Songs from the download catalogs of all five major record labels will be offered via Internet radio services on MTVi. Combined, the labels have about 8,000 songs available for download; around 50 percent initially will be offered through this deal.
MTVi will let people download certain songs through its Radio MTV.com and VH1atWork Radio services. When listeners hear songs they like, which happen to be the songs for sale, they can purchase the tracks in digital form.
Songs will range from 99 cents to $2.49 for singles and will cost $9.99 to $17.99 for entire albums through RioPort.
"We want to make it as easy as possible to discover music that's tied to our on-air programming or our Internet-only channel and then to purchase music," said Nicholas Butterworth, chief executive of MTVi, the online arm of Viacom's cable music channel.
The partnership falls at an interesting time in the online music industry's turbulent existence. The record industry has fought a bitter war against file-swapping service Napster for alleged copyright violations. Napster has captured millions of members by letting them trade songs for free, thus putting a temporary stake into the heart of the major labels' efforts to sell songs directly online.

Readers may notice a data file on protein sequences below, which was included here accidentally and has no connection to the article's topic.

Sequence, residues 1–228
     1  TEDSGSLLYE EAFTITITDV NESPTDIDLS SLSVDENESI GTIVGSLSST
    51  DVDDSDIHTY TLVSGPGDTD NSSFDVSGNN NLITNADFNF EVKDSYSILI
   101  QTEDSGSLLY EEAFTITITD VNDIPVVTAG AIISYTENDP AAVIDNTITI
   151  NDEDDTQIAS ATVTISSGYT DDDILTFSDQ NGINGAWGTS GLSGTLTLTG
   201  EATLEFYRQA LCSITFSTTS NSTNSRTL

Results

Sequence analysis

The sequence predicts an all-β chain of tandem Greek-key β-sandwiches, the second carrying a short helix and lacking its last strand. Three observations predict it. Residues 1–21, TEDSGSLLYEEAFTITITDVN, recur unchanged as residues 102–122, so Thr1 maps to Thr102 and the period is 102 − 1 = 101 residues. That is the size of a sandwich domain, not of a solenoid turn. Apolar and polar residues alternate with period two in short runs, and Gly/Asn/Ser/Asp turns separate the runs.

On Tuesday, the Senate Judiciary Committee held a hearing about the future of online music. Legislators have criticized record industry executives for dragging their heels in finding a marketplace solution to file-swapping threats. Nonetheless, executives told senators that the February decision against Napster by the 9th U.S. Circuit Court of Appeals has helped them find more common ground in striking their own partnerships.
Already, Warner Music Group, EMI Recorded Music, BMG Entertainment and RealNetworks said they will create a new company, MusicNet, to develop a music subscription service. The other two major labels, Sony Music Group and Universal Music Group, have formed their own subscription company dubbed Duet.
Labels have attempted individual downloads before. But none of their initiatives have taken off, mainly because of the sweeping popularity of Napster, which lets people download for free using a single digital format: MP3.
The RioPort offering supports many different formats. For streaming audio, it supports Microsoft's Windows Media and RealNetworks' RealAudio. For downloads, it supports Windows Media and InterTrust. These formats protect audio files from being illegally distributed but could be a hassle for people to switch around.
RioPort CEO Jim Long said the audio format would depend on what the labels feel comfortable using.
Ted Cohen, vice president for new media at EMI, said the days of free music online are nearing an end. Now, music fans will have to pay like they always had before the Web.
"I think there is an end in sight," Cohen said about free access to music online.